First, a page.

Believe it or not, that beloved 1960s relic that once cast a warm, unnatural glow on hippies everywhere is officially 50 years old today. And even though you may still see lava lamps churning away in basements scattered across the country, they are a very much a product of their time.
The original lava lamp—and the one that shot to fame—was dreamt up by a British inventor named Edward Craven-Walker, who found psychedelic inspiration in none other than a liquid-filled egg timer. Seeing the potential was just part of the equation, though, and it actually took Craven-Walker several years of tinkering before he managed to the perfect ratio of liquid densities that we've all come to know and love.
The beautiful dancing concoction you see when you look at a lava lamp is made up of two insoluble liquids with slightly different densities—the exact makeup of the liquids, however, is a carefully guarded company secret. As the heavier liquid heats up, the density decreases and allows it to rise to the top. Then, since the heat lamp is on the bottom, the liquid cools as it reaches the top of the lamp, increases in density, and begins to sink again—basic physics put to phenomenal effect.
But where did the ramous rocket-shaped glass come from? Finally, though, the Astro Lamp was born—this shape being the one most will think of upon hearing the phrase "lava lamp." The epitome of what we now think of as retro-futurism, the sci-fi-inspired shape is a testament to a time when people were just as eager to reach out to the stars as they were to get back in touch with the Earth. The Astro Mini and the Astro Nordic (a strict cylinder) soon followed, and it wasn't long before Craven-Walker and his second wife, Christine Baehr, were told that none other than Ringo Starr was a proud Astro Lamp owner.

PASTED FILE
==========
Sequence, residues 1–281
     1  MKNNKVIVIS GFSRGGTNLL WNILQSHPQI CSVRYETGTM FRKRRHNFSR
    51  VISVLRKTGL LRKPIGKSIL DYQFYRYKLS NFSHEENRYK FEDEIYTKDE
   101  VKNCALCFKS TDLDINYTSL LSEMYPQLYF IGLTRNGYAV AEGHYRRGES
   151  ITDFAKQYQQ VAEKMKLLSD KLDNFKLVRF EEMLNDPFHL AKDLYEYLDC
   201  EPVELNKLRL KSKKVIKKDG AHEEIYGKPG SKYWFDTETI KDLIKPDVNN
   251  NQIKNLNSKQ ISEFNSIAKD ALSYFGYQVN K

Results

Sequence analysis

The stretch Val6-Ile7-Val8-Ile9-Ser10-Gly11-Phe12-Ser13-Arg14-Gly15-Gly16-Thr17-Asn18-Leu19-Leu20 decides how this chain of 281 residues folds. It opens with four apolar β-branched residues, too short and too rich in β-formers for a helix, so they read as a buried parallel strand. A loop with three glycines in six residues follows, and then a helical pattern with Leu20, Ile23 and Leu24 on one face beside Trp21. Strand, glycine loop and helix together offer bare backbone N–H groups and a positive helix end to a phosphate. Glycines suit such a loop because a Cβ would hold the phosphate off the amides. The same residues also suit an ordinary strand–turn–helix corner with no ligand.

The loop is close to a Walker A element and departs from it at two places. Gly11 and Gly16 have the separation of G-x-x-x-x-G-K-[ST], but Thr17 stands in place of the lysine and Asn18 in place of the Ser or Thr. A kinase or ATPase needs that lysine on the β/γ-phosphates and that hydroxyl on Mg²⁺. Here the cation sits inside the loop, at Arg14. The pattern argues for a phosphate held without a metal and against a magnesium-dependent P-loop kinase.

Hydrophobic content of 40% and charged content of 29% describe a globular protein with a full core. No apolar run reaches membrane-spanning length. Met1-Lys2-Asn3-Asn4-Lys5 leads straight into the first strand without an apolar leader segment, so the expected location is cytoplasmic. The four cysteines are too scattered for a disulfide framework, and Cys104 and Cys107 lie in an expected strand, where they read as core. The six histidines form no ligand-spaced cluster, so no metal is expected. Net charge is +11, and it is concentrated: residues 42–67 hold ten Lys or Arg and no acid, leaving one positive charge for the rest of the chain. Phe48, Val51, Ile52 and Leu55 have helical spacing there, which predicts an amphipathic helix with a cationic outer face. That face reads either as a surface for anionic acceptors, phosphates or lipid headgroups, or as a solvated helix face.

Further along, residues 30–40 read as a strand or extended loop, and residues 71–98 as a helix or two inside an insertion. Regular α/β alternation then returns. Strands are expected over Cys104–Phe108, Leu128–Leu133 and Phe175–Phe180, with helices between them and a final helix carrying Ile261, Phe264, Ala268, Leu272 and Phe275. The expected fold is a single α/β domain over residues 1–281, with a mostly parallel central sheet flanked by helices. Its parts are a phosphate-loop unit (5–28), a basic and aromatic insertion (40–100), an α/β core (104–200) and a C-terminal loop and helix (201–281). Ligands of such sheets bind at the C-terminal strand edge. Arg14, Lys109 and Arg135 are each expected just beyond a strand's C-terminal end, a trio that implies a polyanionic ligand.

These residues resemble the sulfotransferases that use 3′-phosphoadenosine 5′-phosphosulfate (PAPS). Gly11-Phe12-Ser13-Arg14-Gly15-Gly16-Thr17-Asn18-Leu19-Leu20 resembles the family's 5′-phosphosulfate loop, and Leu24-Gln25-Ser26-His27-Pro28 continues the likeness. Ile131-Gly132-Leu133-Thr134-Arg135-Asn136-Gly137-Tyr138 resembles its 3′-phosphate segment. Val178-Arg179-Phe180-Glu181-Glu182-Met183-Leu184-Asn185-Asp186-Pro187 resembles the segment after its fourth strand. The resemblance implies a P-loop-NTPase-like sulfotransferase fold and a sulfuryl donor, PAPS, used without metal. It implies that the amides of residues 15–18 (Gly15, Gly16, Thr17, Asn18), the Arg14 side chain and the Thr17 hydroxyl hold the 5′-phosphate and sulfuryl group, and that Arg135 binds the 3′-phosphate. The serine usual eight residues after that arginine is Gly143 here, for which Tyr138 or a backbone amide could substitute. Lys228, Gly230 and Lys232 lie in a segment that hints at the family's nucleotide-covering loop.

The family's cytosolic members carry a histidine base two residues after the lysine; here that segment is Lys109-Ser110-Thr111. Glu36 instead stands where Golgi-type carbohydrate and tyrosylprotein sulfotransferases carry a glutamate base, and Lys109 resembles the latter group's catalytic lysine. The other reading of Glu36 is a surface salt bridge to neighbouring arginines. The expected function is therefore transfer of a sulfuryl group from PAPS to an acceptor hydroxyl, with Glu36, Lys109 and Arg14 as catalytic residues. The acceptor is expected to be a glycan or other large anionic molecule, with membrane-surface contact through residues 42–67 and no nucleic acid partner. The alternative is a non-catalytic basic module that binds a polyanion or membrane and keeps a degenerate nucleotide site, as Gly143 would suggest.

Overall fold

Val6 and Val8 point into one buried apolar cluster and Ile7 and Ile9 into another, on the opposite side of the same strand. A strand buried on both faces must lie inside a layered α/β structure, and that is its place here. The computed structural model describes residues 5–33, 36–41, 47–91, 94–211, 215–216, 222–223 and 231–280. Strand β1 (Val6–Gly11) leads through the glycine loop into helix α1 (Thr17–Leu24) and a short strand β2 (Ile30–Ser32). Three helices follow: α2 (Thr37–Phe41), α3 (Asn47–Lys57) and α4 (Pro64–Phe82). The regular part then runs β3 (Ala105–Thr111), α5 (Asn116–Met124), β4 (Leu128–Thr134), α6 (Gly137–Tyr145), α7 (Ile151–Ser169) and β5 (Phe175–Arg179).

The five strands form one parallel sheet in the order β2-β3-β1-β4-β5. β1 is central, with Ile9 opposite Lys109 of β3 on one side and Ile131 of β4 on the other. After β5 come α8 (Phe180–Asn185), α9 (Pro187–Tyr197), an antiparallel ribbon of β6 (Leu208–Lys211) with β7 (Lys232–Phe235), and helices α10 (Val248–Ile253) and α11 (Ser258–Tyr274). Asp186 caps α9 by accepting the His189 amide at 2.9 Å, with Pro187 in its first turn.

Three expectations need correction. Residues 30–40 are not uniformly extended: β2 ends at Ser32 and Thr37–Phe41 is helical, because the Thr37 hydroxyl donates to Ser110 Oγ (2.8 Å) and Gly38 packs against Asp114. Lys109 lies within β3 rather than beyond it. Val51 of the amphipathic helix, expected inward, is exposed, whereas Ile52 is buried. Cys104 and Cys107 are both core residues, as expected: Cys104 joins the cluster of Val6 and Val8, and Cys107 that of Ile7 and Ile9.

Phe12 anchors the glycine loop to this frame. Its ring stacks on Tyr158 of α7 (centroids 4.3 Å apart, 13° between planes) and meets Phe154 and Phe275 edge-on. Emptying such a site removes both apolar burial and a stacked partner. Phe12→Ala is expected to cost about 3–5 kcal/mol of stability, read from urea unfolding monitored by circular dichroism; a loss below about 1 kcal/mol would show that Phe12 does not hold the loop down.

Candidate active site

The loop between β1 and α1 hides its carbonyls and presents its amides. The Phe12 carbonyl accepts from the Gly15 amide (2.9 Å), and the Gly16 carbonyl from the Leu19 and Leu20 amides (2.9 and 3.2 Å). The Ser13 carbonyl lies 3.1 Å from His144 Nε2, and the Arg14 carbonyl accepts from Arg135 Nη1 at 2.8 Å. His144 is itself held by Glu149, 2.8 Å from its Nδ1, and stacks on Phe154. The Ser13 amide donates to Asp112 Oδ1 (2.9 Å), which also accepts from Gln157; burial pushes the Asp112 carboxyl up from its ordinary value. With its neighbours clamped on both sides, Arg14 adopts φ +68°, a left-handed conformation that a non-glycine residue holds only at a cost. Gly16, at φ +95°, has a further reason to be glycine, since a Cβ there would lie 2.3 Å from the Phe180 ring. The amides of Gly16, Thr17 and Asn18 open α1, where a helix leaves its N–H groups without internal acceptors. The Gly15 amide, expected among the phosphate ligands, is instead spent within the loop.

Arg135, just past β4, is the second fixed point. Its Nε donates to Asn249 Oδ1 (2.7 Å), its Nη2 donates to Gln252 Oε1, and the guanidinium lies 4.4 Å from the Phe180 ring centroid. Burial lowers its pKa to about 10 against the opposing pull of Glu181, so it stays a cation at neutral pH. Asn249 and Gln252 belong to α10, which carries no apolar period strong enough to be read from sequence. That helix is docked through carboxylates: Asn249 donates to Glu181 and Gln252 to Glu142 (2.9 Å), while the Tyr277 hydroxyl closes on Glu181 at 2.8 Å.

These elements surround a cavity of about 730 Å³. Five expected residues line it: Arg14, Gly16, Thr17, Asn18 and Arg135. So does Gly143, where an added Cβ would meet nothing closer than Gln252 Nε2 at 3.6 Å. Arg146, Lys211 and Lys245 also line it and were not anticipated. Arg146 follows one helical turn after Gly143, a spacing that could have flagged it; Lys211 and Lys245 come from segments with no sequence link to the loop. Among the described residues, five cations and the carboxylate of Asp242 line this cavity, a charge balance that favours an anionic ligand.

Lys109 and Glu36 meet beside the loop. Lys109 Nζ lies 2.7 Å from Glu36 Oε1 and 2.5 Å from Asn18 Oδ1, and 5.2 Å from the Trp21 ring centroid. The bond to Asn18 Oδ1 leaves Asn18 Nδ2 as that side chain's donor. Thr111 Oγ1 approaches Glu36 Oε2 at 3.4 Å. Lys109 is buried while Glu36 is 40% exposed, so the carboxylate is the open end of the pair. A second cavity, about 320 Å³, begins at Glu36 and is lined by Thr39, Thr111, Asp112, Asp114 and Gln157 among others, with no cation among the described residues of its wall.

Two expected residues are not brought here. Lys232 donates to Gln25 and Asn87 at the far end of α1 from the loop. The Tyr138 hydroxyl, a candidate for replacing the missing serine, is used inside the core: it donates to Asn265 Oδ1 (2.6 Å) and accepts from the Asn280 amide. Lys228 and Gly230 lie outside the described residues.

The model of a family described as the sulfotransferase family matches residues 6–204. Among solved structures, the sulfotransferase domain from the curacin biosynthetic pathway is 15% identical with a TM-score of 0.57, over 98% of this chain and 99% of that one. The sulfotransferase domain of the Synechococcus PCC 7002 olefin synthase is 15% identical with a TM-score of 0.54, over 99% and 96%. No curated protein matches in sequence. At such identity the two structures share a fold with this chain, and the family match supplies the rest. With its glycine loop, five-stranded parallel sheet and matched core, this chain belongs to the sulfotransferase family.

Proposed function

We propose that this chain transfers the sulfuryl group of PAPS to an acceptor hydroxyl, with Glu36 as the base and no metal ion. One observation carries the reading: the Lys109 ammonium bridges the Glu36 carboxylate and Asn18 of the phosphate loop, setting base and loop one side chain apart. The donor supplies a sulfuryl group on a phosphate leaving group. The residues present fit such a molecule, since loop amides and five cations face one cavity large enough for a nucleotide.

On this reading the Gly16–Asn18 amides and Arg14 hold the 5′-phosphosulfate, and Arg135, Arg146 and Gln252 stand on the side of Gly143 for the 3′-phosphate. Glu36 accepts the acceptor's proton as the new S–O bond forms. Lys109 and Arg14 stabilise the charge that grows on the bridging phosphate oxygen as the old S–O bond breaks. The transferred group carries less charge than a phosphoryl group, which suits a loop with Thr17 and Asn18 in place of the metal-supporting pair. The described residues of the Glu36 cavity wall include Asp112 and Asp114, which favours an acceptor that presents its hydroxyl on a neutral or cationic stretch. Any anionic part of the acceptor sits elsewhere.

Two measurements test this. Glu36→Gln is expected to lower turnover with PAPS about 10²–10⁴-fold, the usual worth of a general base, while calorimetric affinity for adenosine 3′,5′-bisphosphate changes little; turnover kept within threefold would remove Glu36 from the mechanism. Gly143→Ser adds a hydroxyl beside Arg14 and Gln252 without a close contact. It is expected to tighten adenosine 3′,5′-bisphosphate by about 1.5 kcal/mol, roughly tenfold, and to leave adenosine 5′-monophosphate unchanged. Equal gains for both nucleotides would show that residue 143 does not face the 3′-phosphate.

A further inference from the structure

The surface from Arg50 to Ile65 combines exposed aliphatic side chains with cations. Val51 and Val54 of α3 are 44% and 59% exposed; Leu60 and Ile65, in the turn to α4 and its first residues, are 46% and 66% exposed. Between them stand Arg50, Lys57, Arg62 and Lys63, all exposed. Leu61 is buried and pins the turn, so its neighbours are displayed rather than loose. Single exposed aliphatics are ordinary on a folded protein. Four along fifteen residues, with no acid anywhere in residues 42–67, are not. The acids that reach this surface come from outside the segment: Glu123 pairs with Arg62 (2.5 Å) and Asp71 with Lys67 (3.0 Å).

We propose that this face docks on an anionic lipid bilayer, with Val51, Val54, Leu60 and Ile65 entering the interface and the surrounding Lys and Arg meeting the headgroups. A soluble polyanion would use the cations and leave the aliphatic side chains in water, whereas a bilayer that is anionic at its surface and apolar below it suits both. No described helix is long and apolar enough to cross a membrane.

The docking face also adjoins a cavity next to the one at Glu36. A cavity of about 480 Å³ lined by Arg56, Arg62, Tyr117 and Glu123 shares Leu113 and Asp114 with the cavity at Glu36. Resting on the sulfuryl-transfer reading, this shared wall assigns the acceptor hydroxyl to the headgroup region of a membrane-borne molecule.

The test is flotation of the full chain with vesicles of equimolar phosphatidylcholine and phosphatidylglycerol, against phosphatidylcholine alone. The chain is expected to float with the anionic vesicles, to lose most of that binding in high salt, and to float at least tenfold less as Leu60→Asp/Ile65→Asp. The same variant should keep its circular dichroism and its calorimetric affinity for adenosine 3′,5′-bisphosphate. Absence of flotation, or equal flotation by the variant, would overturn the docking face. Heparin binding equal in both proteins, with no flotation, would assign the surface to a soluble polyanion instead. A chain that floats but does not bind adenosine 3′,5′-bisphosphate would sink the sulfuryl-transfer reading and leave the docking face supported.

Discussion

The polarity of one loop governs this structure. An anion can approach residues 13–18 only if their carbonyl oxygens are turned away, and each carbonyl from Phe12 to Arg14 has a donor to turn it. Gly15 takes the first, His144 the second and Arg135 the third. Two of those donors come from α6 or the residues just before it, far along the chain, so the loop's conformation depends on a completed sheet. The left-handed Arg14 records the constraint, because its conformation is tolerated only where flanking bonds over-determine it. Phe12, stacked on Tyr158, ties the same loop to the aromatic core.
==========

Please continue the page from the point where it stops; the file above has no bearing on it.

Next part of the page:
Even today, the company behind Craven-Walker's original invention, Mathmos, is still making their signature product using the same methods (at the same southwest Britain factory). And every so often, there's an invariable resurgence in the lamps' popularity as kids rediscover the magical mystery light. Craven-Walker, however, never got to see his legacy reach its half-century marker, as he passed away back in 2000. Still, although Craven-Walker may be gone, his legacy—thanks to the fact that goddamn pot-smoking teenagers never really seem to change—will live on. [AP]